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Happy numbers

  1. Jan 7, 2005 #1

    T@P

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    a number is happy if the sum of the first three digits equals the sum of the last three digits.

    how many 6 digit happy numbers are there?

    a slightly easier but very similar question how mnay happy 6 number strings are there? (in case you dont see the difference, a number cannot start with 0, while a 6 digit "string" can.)
     
  2. jcsd
  3. Jan 7, 2005 #2
    So how many ways are there to form each number 0 to 27 by adding three digits? I tried from 0 to 3 and got 1, 3, 6, and 10 respectively. I assume that this pattern of adding 2, 3, 4, will continue adding 5, 6, etc. up to number 13 (which I get 105 for), and then 14 is 105, and then decrease down to 27 since it is symmetrical. This assumption may be wrong but working on it, I wrote the number of ways to form each number 0 to 27. Then I squared each of them and added all the squares together. Result (for the string which can start with 0): 69326

    Edit: To find it for the numbers which can't start with 0, you first find the ways to form each possible sum of 2 digits. For sums 0, 1, 2, 3, I got 1, 2, 3, 4 ways respectively. Again assuming the pattern continues (and is symmetrical, reaching a peak at 9), I multiplied each way (0 to 18) to get by the corresponding number of ways to get the same sum with 3 digits, and added all of those products together. I got 5500 though there is a greater chance of error here. 69326 - 5500 = 63826


    Edit: (changed color)
     
    Last edited: Jan 7, 2005
  4. Jan 7, 2005 #3
    There are
    50412 happy numbers and 55252 happy strings.
     
  5. Jan 7, 2005 #4
    How did you get that answer rogerio?
     
  6. Jan 7, 2005 #5

    Gokul43201

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    I agree with Rogerio...with one small difference : I would quote the number of happy strings first, and then the happy numbers. I'd be surprised if he actually solved it the other way.

    Bart, your first error is in assuming the trend 1,3,6,10,15,... continues all the way to the mid-point (ie : for sum = 13). This works up to 55 (at sum = 9), but from there, the differences start to fall off, because you can't put the numbers 10, 11,... into a single digit. So, while in the previous cases, the smallest number for sum=N was represented by 00N, this will not be true anymore for sum=10 (and here the smallest number is 019). So, while the differences increased by 1 each time, up to a value of 10 for sum=9, they will start to fall off by 2 for the next 4 numbers, giving 63, 69, 73 and 75.

    Twice the sum of the squares of these numbers is the number of happy strings.

    Now, for the numbers beginning with a 0 : your mistake was in assuming that this peaks at 9. It will actually peak at 10. For sum=9, you have 009, 090, 018, 081, 027, 072, 063, 036, 054, 045 (clearly 10 numbers). Multiplying each of these with the corresponding numbers of ways of getting each sum, gives <4840>.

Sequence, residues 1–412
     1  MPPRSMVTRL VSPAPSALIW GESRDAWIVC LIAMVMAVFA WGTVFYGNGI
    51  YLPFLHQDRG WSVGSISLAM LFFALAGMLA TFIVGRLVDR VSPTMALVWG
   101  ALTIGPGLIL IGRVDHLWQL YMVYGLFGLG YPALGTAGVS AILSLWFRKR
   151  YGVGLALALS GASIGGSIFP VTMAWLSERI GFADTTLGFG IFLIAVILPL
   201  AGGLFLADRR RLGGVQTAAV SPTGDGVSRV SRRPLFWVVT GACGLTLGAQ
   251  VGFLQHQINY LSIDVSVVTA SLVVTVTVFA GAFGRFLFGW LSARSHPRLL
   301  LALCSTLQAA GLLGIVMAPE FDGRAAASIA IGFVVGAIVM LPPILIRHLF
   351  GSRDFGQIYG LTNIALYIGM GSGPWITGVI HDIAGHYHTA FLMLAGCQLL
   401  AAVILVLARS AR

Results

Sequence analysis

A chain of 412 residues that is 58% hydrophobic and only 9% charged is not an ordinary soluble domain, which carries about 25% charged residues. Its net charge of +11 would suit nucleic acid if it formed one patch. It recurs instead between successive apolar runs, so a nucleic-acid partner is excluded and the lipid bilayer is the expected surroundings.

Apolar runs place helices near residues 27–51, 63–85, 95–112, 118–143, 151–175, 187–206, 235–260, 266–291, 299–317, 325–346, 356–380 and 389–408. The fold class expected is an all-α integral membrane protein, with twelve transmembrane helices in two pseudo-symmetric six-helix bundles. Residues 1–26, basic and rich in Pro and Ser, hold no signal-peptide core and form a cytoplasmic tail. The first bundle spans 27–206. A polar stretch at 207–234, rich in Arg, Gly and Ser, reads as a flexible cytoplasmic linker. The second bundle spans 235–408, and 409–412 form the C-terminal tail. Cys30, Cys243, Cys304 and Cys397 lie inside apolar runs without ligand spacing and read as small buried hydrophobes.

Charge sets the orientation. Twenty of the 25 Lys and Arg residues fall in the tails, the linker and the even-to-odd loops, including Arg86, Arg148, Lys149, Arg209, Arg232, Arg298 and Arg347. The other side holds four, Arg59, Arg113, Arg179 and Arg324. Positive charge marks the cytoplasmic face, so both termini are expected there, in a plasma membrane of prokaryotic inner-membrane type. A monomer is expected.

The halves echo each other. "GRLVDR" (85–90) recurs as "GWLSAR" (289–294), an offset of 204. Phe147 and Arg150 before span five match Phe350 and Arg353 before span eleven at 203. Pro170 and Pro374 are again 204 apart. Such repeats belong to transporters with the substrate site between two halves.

Number of happy strings - <4840> = number of happy numbers.
     
  7. Jan 7, 2005 #6
    Gokul, my first error (forgetting about no digits after 9) was the only one I made. The other you described I did not make. How do you know that the correction is that they fall off by 2 though?
     
    Last edited: Jan 7, 2005
  8. Jan 8, 2005 #7

    Gokul43201

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    Sorry about that
    Umm...I'm a little embarrassed to say this but I actually wrote down all the possibilities from 10 to 13 and counted them. It's really easier and quicker than it seems. Once you develop a rhythm, you can do each number in about a minute.

    Let me demonstrate :

    For sum=10 you have,

    055,064,073,082,091,154,163,172,181,244,253,262,343 (notice the pattern)

    Each number with a repeating digit has 3 arrangements and numbers without repetition have 6 arrangements. There are 5 of the former and 8 of the latter, so that's 8*6 + 5*3 = 63.
     
  9. Jan 8, 2005 #8
    That's one way, and probably faster than finding the formula (though probably slower than writing a program to check each number from 100000 to 999999).

    Anyway, I thought about it and now know why the number of ways are as they are. To determine how many ways there are to write a number abc so that a + b + c = some sum n, you look at it as a distribution of n objects into containers a, b, and c. So that's C(n + 2, 2), which reduces to (n + 2)(n + 1)/2. Once the number of ways starts being limited by the maximum of 9 in each "container," you look at the overflow and subtract it out. So for 10, any arrangement of 10, 0, and 0 is excluded, and for 11, any arrangement of 11, 0, 0, or of 10, 1, 0 is excluded. Write those three triplets (10, 0, 0), (10 + 1, 0, 0), (10, 1, 0). So for n > 9, you are depositing (n - 10) 1's, and then one 10, into three containers to form the excluded ways. So that's C(n - 10 + 2, 2) * 3, which for n > 9 reduces to (n - 8)(n - 9) / 2 * 3, so the expression for the number of ways for 9 < n <= (the midpoint) is (n + 2)(n + 1)/2 - (n - 8)(n - 9) / 2 * 3.
     
    Last edited: Jan 8, 2005
  10. Jan 8, 2005 #9

    T@P

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    thanks alot people
     
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